The IMI’s latest comments will now only add fuel to the opinion of EV doubters who believe a 2030 ban on new petrol and diesel cars is too soon.
There are currently between 13,000 and 20,000 UK mechanics who are certified to work on around 380,000 plug-in cars and vans on the road. With demand for these vehicles at record levels, there are concerns that the after-sales sector won’t be able to keep up
The motor body said it has been inspired to see how quickly automotive manufacturers are adapting their ranges to transition to more hybrid and all-electric vehicles – and that consumers are already responding with demand for electrified cars at an all-time high.
However, it warned that anyone who wants to make a ‘green choice’ for their next car, whether it’s full EV or hybrid, needs to know that they can access technicians able to work safely on these vehicles.
And the sector bosses claim the problem is already unfolding in the UK.
‘Right now, the chances of finding qualified technicians are reducing,’ the letter explains.
‘Today five per cent of the UK automotive workforce – between 13,000 and 20,000 technicians – are working on around 380,000 plug-in cars and vans.
‘Ramp-up the numbers based on the government’s Green Plan and the capacity is simply not there to support the transition the government wants.’
The IMI adds that the Covid-19 pandemic has only intensified the problem by disrupting any training plans that would have helped the after-sales sector better prepare to work on an increasing market share of electric cars.
The IMI’s open letter to raise concerns for a lack of qualified mechanics to work on EVs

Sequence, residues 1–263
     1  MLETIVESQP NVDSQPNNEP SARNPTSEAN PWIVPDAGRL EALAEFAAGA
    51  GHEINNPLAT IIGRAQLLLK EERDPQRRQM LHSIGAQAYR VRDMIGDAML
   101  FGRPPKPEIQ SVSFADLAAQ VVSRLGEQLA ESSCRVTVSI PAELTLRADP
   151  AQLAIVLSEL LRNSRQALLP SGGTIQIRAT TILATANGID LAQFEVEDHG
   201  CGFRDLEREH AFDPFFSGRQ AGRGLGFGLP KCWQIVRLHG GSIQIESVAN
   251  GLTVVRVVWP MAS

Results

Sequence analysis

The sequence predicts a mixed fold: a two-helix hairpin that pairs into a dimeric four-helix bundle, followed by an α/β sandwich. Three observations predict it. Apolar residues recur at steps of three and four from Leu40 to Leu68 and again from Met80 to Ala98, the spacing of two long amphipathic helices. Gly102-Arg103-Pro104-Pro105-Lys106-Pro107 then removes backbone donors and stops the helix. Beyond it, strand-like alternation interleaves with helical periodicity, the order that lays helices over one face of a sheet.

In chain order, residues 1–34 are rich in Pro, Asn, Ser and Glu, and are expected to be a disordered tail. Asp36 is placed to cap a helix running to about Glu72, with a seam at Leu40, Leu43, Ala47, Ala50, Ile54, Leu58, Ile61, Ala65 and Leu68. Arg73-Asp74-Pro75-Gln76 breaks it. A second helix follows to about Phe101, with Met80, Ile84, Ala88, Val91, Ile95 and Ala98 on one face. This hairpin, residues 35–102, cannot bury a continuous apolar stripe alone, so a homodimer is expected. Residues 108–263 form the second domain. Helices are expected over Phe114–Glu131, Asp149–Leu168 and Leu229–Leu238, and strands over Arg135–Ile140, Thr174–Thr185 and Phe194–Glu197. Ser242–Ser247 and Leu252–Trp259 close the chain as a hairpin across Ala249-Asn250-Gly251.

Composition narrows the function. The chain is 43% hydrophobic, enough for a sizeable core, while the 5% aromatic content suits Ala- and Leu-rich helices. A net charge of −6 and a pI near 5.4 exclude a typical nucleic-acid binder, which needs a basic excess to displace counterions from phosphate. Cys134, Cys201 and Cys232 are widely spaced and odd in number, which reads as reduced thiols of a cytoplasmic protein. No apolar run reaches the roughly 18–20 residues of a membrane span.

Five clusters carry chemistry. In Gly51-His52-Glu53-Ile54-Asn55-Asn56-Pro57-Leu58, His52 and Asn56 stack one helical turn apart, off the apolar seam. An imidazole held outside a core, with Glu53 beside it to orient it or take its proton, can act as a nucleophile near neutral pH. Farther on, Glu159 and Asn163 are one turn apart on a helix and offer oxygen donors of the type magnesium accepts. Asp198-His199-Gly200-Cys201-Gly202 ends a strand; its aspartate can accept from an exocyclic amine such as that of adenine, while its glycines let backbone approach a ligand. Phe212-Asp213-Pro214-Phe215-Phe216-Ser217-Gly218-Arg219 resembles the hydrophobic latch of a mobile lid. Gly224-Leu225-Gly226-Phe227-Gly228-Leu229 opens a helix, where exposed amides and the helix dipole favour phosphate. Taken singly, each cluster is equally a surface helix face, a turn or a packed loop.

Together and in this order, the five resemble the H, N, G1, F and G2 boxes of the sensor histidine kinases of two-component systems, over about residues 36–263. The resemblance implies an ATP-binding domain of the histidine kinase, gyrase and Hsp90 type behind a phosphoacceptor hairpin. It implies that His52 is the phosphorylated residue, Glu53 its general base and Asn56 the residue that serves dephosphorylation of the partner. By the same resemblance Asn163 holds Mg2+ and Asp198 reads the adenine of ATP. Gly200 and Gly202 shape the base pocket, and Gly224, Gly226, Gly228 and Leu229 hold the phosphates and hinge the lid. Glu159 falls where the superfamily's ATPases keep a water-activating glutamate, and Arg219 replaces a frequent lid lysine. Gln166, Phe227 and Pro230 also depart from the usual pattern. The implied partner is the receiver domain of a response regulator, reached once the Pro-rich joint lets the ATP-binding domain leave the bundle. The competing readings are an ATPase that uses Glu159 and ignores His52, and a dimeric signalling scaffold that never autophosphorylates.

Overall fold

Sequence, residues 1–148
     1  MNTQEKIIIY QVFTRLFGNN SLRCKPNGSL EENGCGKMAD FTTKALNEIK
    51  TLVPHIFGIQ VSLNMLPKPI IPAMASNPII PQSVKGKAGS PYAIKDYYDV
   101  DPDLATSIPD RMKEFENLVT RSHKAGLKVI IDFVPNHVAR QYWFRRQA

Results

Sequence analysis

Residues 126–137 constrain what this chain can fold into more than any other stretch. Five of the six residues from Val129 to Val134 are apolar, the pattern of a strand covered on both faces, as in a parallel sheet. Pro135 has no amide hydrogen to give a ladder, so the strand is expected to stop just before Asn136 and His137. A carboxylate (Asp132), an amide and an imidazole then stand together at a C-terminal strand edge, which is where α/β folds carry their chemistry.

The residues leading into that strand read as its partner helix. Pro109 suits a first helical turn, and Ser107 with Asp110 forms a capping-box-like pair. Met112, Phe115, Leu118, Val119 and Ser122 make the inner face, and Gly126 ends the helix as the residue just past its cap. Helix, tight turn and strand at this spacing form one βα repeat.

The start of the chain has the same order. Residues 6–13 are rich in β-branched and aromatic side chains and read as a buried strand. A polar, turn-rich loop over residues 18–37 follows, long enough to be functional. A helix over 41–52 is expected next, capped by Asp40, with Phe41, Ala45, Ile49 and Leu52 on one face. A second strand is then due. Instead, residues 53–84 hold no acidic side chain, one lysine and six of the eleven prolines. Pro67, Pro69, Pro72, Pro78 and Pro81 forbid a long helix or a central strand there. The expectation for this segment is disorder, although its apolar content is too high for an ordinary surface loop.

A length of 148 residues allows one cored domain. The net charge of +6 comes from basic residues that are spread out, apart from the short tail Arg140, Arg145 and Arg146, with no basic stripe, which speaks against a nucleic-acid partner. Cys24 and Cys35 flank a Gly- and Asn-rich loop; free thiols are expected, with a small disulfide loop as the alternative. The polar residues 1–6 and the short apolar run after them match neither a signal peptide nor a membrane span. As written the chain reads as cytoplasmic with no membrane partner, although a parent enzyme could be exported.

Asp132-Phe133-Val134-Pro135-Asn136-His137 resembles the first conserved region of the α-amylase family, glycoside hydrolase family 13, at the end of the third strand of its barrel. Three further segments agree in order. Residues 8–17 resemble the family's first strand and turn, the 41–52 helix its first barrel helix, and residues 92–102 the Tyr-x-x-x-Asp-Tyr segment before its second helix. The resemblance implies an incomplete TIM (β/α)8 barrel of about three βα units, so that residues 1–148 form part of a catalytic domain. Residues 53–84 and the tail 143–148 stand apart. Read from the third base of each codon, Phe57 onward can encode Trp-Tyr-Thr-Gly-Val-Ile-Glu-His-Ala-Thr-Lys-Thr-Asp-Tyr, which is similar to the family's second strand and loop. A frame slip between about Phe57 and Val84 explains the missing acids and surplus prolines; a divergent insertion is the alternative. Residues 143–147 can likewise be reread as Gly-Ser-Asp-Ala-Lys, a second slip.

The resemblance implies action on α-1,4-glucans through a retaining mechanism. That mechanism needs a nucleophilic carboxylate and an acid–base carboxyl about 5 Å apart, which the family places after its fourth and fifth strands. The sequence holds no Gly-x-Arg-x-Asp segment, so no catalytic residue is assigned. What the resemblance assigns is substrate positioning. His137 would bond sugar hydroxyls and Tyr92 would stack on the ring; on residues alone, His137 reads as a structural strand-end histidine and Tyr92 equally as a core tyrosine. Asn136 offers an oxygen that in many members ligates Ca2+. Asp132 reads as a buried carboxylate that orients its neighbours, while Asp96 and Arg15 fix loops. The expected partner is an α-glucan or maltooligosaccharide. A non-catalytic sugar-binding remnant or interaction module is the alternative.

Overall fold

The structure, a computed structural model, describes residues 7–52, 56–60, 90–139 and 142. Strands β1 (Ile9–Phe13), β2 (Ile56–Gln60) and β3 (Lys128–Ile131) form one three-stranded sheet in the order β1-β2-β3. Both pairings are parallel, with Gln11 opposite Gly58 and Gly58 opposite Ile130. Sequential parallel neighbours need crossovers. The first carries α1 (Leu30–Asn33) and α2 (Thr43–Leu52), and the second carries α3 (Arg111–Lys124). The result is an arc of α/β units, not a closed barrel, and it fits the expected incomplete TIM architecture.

It says around 6,500 certificates for working on electric vehicles were issued in 2019.
If that rate had continued, the minimum required qualified technicians would potentially have been reached by 2030.
However, Q2 2020 certification numbers were down 85 per cent compared to the same period in 2019 due to restrictions put in place to curb the spread of the coronavirus.
‘As a country, we urgently need a concerted, ongoing workforce development strategy,’ the letter says,
‘The automotive workforce is already behind in the skills required for these emerging technologies – through no fault of its own.
‘Embattled employers need support and incentives to get more of their technicians trained, and to re-ignite recruitment and apprenticeship plans.’
The open letter was issued just a day before new and old battery electric cars in the UK can display new number plates with green flashes to identify them from other vehicles.
The plates, introduced by the government and backed by transport secretary Grant Shapps, are designed to incentivise EV ownership.
Drivers could soon benefit from cheaper parking, unrestricted access to low emission zones and use of bus lanes in some towns and cities, ministers have suggested.
From tomorrow (Tuesday 8 December), new and old battery electric cars will be allowed to display special number plates with a green flash as part of a government incentive to drive sales of zero-emissions vehicles